What has owning a business taught you about yourself?
I’m still learning a ton about starting my own business. The first year is tough, as you’re really just trying to stay above water and apply the lessons from your past success to your own creation.

How has being a woman affected your professional experience?
Being a woman has affected my experience in many ways. First and foremost, it’s allowed me to be a really solid, active listener. I think women tend to listen more than men do. I also applied my inherent desire to grow and mentor folks, and to simply be sure those around me knew I appreciated and respected them. It also gave me the drive to rise to the challenge in a male-dominated industry. We can create more equal, spaces for women in this industry by lifting other women up, continuously. If there’s an opportunity to elevate a woman at any point throughout the process, take it. Nominate women you admire. Look for and support movements that call out inequalities and empower women. Amplify one another in meetings and help to grow and encourage junior roles to feel heard and appreciated. Call out offensive comments in the moment with the offender. Don't stew. Be brave. Discourage gender stereotypes and helplessness in general. Plan an outreach program in the community targeting young girls etc. Consider your own role in gender bias. Stay positive and lead by example. Pay inequality ... is a real thing, not just a empty gripe. I had access to specific salaries, watching as the powers that be continually and repeatedly paid men more for far less responsibility and know-how. It really had no rhyme or reason, it just was.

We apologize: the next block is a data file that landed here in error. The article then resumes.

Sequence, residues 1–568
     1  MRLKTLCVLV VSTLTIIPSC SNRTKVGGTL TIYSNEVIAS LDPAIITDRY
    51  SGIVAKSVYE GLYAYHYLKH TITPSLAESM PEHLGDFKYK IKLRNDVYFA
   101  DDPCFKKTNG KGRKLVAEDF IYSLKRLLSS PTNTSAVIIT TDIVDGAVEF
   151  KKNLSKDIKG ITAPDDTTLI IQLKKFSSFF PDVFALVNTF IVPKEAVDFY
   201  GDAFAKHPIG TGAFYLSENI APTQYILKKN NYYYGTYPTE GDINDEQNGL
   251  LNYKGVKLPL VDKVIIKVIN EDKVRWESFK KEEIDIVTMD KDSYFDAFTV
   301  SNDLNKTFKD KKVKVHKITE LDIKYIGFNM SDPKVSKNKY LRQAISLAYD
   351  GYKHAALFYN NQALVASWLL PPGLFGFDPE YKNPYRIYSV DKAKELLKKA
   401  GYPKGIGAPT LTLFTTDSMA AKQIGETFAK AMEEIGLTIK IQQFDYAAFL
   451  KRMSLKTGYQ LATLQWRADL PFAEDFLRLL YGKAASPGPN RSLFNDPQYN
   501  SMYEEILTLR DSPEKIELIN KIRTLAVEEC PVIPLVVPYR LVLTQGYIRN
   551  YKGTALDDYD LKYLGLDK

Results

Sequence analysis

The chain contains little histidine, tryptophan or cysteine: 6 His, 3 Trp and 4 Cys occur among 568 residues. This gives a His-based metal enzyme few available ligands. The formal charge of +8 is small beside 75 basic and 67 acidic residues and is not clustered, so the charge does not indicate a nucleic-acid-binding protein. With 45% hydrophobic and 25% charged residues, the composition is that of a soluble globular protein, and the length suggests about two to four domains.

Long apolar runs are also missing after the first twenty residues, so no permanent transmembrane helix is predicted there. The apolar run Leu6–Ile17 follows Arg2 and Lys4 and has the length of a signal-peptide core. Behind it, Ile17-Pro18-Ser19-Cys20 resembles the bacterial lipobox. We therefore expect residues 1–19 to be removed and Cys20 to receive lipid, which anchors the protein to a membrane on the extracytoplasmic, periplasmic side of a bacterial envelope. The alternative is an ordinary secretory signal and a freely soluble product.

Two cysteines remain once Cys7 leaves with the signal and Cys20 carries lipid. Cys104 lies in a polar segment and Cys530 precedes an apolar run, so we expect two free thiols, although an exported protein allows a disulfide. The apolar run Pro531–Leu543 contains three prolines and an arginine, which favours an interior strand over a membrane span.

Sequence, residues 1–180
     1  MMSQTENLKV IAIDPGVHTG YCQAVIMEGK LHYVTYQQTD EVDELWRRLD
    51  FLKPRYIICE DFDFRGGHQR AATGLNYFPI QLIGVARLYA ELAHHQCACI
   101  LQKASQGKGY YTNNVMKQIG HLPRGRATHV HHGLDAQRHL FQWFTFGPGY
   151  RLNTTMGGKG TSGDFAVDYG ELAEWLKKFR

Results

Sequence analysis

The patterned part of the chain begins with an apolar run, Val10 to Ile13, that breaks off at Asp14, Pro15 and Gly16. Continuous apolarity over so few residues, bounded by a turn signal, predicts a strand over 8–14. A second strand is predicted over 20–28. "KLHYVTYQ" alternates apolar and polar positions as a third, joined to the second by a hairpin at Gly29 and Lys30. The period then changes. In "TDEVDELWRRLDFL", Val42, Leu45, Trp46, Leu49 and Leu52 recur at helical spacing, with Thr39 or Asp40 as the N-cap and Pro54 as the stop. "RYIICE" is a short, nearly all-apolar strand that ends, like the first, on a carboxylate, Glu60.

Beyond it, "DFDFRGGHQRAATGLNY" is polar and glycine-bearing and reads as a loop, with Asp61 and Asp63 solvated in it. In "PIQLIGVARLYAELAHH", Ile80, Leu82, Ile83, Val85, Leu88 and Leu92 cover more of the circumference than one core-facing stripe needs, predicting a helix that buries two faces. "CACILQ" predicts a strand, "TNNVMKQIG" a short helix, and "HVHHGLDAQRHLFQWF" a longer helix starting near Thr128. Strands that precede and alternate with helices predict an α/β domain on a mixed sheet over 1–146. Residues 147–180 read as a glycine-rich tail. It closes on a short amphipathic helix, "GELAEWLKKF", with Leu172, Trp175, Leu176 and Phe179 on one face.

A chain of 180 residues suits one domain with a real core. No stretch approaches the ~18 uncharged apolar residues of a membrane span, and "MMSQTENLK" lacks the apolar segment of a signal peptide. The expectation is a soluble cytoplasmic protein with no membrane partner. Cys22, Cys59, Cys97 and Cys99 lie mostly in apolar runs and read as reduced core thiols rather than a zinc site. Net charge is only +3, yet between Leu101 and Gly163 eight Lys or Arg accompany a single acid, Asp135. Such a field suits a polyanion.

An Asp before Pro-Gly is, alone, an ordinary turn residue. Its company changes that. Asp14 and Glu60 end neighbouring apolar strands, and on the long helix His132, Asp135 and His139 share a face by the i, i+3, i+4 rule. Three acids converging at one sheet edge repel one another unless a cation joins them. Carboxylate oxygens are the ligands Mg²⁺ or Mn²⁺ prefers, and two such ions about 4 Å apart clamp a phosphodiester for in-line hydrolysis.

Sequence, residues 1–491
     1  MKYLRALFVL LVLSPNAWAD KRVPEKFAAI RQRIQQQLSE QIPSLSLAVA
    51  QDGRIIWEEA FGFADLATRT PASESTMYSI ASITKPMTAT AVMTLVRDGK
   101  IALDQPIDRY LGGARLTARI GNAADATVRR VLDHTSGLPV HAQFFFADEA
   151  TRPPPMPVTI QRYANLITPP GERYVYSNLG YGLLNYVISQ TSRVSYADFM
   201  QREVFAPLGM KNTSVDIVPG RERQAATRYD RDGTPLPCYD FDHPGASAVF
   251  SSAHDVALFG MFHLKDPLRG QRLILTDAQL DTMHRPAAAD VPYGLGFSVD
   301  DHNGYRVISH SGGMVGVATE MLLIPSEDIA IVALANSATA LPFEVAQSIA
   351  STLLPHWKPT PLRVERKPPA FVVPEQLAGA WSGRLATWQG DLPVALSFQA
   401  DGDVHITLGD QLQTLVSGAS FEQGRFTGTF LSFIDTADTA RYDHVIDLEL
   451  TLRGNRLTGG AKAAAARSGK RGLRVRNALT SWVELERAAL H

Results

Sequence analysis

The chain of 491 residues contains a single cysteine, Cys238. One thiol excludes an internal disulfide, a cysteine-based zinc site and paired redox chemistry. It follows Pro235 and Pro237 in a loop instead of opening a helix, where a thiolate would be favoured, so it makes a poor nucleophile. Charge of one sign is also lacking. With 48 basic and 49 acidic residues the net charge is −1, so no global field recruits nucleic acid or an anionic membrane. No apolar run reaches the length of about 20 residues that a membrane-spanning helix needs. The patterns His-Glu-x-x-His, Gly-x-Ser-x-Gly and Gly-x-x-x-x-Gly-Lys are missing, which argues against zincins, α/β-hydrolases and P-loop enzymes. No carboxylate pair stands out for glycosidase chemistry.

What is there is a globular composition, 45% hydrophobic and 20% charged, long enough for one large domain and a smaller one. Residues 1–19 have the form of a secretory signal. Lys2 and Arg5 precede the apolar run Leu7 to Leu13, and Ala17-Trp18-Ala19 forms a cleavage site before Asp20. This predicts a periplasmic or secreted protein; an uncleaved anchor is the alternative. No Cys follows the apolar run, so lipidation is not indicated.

What’s the gender ratio like in your industry? Do you see it evolving?
Gender ratio is still heavily leaning towards men in roles of leadership in the advertising and production industries. It’s always baffled me to see male-dominated creative departments, when 80 percent of consumer spending and more than 50 percent of social media sharing is done by women. Clearly a women’s voice speaking to consumers should be a given. I definitely see this changing, with movements like the 3% Conference and Free the Bid. It’s also somewhat “in” to have women leading, which is awesome. We’ll take it.

What’s your biggest strength in your role?
My biggest strength currently is my agency experience, coupled with my ability to make a little go a long way. Budgets are increasingly challenging. Creatives are client-side. Clients have internal production arms, etc. The whole formula has shifted and my experience complements all of that. I likely need to improve my ability to simply delegate more. It’s super-hard to let go of things this early on in growing my own brand and company. I know it will happen sooner than later.

Career and/or life advice for other babes?
Stay positive and lead by example.

Connect with Michelle:

Instagram / Website / Email

This interview has been condensed and edited.